Articles Posted in Truck Accidents

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When you are near a semitruck on the highway in New York, it may cross your mind to hope that the driver is not distracted or fatigued. You probably did not wonder whether there is even a person in the driver’s seat, though. We at DeFrancisco & Falgiatano Personal Injury Lawyers understand that new technology could change the role of truck drivers, and in the future, it may reduce the number of commercial vehicle crashes.

While self-driving trucks are not on the road yet, CNBC reports that technology for tractor-trailers has taken a step in that direction. Your car’s aerodynamic shape gives you some relief from high fuel prices by increasing your miles per gallon. Large trucks take much more fuel, but by driving closer together, they reduce the wind resistance on each and improve their efficiency. Rather than traveling an average following distance of 200 feet, which is a two- to three-second space, platooning trucks would be a mere 50 to 80 feet apart.

To make it possible for them to follow each other without compromising safety, new technology links the trucks through a computer so that the first driver controls the convoy’s brakes and steering. While truck platooning is in the early stages of development in the U.S., you will not see more than two trucks connected at a time.

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If you’ve been following this blog, you’re probably aware of the ongoing case of the truck driver whose drowsiness caused him to collide with comedian Tracy Morgan’s limo back in 2014. The accident took the life of Morgan’s dear friend James “Jimmy Mack” McNair and left Morgan in critical condition with a traumatic brain injury and several broken bones.

The driver admitted that he hadn’t slept in over 28 hours when the accident happened. After pleading not guilty for a period of time, in late November the driver finally pleaded guilty to four counts of aggravated assault and one count of vehicular homicide in order to avoid going to prison. As a part of the deal, he will have to serve 300 hours of community service.

Here’s where it’s important to remember that, from a legal standpoint, criminal cases are separate from civil cases. Whether a defendant in a truck accident criminal case is found guilty or not guilty, the victims can still file a lawsuit seeking compensation for injuries. In this case, Tracy Morgan agreed to an undisclosed settlement with Wal-Mart, the company the driver worked for, and McNair’s family settled for $10 million.

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Truck accidents can occur for all manner of reasons, including fatigued driving, misjudging other driver’s movements, speeding or violating other traffic rules, talking on a cell phone and engaging in other activities which distract attention from driving. Another common cause of truck accidents is tire flats and blowouts.

Earlier this week, a truck accident occurred in Bolton when a front tire on the vehicle blew out, causing the driver to veer off the road and roll down an embankment. Fortunately, the driver suffered survived with no life threatening injuries. Reports say that no tickets have been issued over the incident, and it seems that nobody else was injured. Sources provided no indication of why the tire blowout occurred. In some cases of tire blowouts or flats, determining what exactly caused the failure isn’t an easy matter.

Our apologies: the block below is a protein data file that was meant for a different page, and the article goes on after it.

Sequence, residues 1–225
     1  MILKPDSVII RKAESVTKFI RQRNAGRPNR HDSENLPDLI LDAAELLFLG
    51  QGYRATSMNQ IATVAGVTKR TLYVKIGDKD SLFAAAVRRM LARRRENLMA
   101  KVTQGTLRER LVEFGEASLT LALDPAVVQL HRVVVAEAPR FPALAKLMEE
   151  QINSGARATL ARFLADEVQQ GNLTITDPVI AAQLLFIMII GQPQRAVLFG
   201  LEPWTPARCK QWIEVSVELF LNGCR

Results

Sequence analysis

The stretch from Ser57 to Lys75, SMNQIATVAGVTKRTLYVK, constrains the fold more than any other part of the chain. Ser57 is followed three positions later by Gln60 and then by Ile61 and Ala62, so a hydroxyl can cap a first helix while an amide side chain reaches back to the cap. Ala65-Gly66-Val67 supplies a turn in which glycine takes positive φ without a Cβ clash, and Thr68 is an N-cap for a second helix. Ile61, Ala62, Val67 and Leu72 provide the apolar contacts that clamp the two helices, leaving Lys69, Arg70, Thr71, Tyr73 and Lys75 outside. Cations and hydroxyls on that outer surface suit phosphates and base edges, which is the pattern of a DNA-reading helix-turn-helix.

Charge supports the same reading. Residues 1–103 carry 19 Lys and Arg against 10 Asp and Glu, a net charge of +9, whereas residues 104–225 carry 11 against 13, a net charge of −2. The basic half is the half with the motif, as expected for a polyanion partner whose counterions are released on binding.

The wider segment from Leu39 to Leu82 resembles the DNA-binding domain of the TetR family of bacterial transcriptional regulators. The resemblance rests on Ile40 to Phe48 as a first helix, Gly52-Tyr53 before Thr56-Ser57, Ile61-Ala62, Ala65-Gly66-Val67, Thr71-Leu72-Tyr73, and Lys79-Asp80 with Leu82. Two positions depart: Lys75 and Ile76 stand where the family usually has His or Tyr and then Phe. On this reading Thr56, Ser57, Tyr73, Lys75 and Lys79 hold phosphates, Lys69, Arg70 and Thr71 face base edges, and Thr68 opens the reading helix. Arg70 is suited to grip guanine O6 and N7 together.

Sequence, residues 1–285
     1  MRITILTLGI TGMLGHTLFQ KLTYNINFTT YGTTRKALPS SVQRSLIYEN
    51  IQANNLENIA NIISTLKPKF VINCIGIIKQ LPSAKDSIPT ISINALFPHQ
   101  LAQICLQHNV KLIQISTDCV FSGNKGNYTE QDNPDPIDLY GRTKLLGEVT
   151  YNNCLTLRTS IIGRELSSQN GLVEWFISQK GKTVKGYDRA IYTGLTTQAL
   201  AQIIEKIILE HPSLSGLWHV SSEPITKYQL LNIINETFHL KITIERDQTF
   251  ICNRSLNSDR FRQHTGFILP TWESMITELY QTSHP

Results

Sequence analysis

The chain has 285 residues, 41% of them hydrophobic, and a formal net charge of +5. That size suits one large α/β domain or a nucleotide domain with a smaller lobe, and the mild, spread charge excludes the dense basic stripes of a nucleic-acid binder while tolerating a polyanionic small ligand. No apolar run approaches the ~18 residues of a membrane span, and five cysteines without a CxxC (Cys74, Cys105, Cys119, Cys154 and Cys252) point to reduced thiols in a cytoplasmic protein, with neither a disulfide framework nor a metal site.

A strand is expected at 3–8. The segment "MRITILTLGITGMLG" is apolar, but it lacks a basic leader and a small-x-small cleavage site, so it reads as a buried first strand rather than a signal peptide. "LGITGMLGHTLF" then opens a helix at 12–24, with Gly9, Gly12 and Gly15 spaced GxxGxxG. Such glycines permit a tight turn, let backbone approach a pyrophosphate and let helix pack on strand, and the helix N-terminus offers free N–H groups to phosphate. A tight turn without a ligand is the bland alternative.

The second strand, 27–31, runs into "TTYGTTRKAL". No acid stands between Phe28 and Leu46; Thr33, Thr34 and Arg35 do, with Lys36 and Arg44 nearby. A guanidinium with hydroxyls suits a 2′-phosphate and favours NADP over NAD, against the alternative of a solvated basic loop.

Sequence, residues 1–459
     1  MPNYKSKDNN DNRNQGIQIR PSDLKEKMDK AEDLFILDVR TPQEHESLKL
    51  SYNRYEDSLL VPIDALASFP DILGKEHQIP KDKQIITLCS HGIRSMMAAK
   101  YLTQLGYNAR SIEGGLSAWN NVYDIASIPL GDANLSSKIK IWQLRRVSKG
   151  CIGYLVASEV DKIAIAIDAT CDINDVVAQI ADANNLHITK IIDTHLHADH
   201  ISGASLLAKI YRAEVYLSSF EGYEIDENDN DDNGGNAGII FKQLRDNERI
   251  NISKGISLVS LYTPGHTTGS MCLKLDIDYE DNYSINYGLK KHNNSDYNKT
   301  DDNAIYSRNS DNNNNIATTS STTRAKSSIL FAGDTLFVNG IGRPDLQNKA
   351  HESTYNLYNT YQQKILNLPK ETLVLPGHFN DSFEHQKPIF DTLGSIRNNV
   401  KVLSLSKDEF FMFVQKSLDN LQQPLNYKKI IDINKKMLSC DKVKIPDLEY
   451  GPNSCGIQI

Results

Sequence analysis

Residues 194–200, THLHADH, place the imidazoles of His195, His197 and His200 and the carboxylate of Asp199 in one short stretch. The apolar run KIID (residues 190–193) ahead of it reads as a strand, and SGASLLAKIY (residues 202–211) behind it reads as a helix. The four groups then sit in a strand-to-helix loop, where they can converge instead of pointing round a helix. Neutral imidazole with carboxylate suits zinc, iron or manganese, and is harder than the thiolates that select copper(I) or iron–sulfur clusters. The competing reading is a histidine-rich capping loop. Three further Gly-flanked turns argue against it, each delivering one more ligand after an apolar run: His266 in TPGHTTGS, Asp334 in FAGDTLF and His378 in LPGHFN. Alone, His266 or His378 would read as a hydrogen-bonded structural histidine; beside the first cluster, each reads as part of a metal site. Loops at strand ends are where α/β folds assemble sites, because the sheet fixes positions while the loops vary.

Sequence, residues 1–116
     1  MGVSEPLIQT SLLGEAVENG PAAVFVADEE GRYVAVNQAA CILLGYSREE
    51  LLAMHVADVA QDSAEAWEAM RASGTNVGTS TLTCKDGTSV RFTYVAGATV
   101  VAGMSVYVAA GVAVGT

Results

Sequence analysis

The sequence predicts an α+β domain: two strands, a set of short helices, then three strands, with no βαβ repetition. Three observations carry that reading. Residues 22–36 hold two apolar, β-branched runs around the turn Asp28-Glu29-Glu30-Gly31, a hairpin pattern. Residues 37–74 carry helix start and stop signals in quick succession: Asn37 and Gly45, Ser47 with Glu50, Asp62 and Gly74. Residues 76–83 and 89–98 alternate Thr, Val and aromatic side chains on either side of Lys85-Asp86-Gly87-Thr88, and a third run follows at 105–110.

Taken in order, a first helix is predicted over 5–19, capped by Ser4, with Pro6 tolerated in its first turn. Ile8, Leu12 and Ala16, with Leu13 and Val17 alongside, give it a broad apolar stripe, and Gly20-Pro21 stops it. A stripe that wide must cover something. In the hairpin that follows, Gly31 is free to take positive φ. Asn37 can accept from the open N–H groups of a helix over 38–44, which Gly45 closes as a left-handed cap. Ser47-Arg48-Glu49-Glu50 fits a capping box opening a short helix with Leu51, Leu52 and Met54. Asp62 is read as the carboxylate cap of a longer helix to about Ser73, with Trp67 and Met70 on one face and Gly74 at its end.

According to a 2003 report by the National Highway Traffic Safety Administration, tire blowouts or flat tires caused over 400 fatalities that year, as well as over 10,000 injuries and over 78,000 crashes. Those numbers were taken before tire pressure monitor systems were required for commercial motor vehicles, though, so hopefully things have improved. That same report found, though, that certain factors can increase the likelihood of tire problems occurring, such as inadequate tire depth, under-inflation and poor weather conditions.

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Last time, we began looking at the topic of commercial vehicle maintenance, pointing out some of the general requirements for vehicle maintenance at both the state and federal level. As we left of saying, the requirements from the state of New York are essentially the same as the federal requirements.

When inspectors check out a vehicle for purposes of compliance, there are a lot of areas they inspect to ensure a vehicle is in safe operate condition. This includes checking on matters related to the transportation of hazardous materials, checking a vehicle’s fuel and braking systems, lighting, steering, coupling devices, suspension, tires and wheels, windshield wipers, mirrors, horns, exhaust, emergency equipment, and other areas. 

Laxity in complying with safety rules, of course, is not a good idea for commercial vehicle operators. Doing so is not only bad for business, but can also lead to civil penalties and tort liability. An accident victim, or his or her survivors, may use failure to comply with vehicle safety regulations to establish liability at trial. Liability, as we’ve mentioned before, can be based on any failure to carry out some legal duty, including vehicle maintenance rules, traffic rules, or the general duty to exercise reasonable care in operating a motor vehicle.

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Under a bill currently being considered in New York City, private sanitation companies would have the exclusive right to collect trash in established zones. The idea behind the legislation is to make the city’s oversight of sanitation trucks easier. Oversight is a particular problem with respect to sanitation truck maintenance.

Evidence of the problem can be seen in a recent report which found that most of the safety violations involving private sanitation companies in New York amount to maintenance failures. According to the report, almost half of all private sanitation trucks from New York City’s top 20 sanitation companies, had to be put out of service for maintenance problems over a two year period. In one case, a company’s out-of-service rate was 86 percent.